On the day you are ready to serve (or the night before), take the bundt out of the fridge to come up to room temperature. In a bowl, whisk together the icing ingredients, adjusting the cream or confectioners’ sugar amount to make the icing fairly thick but pourable (not runny). If the icing is close to the thickness you want, but still a touch too thick to pour, warm it slightly and it will become more fluid until it cools off (perfect for icing the bundt cake). Drizzle the icing over the top of the bundt cake and serve.

Wednesday, August 02, 2017

Roasted Strawberry-Rhubarb Shortcakes with Cardamom Whipped Cream

I could no longer find rhubarb in grocery stores after making the clafoutis, so I thought I’d have to hold off on making more recipes with rhubarb until next season. But then I was lucky enough to get rhubarb straight from my grandmother’s garden! Since there were still a lot of delicious, seasonal, local strawberries at the store, I decided to make roasted strawberry-rhubarb shortcakes – and, bonus, I’ve got lactose-free cream here to go with it! These were delicious as a not-too-sweet dessert, and I imagine they’d be good as an indulgent breakfast, too. This recipe makes 6 shortcakes, though we had leftover cream and filling (great with yogurt or ice cream).

For the shortcakes
2 cups all-purpose flour
2 ½ tsp. granulated sugar
2 tsp. baking powder
¾ tsp. kosher salt
1 ½ cups plus 1 Tbsp. lactose-free cream, divided (I think coconut milk would work here too)
1 Tbsp. demerara sugar

For the fruit filling
4 cups chopped rhubarb (1-inch pieces, from 4 or 5 stalks)
4 cups quartered strawberries
¼ cup granulated sugar
finely grated zest of 1 medium lemon
juice of 1 medium lemon

For the whipped cream
1 ½ cups lactose-free cream
1 Tbsp. powdered sugar
1 tsp. vanilla extract
½ tsp. ground cardamom

For the shortcakes
Arrange a rack in the middle of the oven and heat to 425 °F. Line a baking sheet with parchment paper; set aside.

Whisk the flour, granulated sugar, baking powder, and salt together in a large bowl. Pour in 1 ½ cups of the cream and stir until the dough is shaggy. Turn the dough out onto a well-floured work surface. Knead the dough for about 30 seconds, just until it all comes together. Shape dough into a 4x12-inch rectangle.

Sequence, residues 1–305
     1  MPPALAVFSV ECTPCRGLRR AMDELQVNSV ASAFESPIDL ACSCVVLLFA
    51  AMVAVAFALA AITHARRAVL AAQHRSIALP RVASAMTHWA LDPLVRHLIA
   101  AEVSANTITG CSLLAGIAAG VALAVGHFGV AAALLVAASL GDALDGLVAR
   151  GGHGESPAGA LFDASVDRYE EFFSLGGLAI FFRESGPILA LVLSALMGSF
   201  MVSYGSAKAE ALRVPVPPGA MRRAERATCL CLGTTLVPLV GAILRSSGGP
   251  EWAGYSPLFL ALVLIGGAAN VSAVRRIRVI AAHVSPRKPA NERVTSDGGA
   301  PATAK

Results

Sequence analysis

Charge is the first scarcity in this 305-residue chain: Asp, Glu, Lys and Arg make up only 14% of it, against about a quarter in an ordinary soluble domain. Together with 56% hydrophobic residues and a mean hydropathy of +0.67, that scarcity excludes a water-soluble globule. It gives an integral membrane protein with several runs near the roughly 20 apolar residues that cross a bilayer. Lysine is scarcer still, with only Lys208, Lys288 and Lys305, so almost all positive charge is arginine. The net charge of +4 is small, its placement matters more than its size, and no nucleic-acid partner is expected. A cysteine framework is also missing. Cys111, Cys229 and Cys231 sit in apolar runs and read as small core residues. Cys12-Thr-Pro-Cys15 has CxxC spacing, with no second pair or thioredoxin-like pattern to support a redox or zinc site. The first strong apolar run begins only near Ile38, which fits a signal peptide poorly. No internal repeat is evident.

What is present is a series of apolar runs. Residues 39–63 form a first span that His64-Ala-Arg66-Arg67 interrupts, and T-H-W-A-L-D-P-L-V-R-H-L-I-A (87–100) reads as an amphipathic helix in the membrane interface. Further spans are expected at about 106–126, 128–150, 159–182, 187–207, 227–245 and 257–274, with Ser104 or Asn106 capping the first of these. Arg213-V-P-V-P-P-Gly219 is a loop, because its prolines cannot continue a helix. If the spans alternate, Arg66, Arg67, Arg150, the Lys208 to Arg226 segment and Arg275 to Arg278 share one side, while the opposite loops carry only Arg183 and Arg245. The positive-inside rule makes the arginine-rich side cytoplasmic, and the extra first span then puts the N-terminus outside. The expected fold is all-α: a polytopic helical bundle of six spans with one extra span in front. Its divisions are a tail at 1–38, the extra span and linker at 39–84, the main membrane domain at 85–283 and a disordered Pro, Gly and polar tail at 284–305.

Cut the dough into 6 (4-inch-square) pieces. Transfer to the baking sheet. Brush the tops of the shortcakes with the remaining 1 tablespoon cream, then sprinkle with the demerara sugar.

Bake until golden-brown, 15 to 18 minutes. Cool on the baking sheet for a few minutes, then transfer to a wire rack to cool completely.

For the filling
While the biscuits cool, reduce the oven temperature to 350 °F.

Mix the rhubarb, strawberries, sugar, lemon zest, and juice together in a large bowl. Spread over a parchment-lined baking sheet. Bake until soft, stirring halfway through, about 20 minutes total. Cool on the baking sheet.

For the whipped cream
Whip the cream on high speed in a stand mixer with the whisk attachment or in a large bowl with an electric hand mixer until soft peaks form. Add the sugar, vanilla, and cardamom, and continue whipping until stiff peaks form.

To assemble the shortcakes
Slice the shortcakes in half. Place the bottom halves on serving plates. Spoon the strawberry-rhubarb filling over the bottom halves, top with a big dollop of whipped cream, and top with the other shortcake half.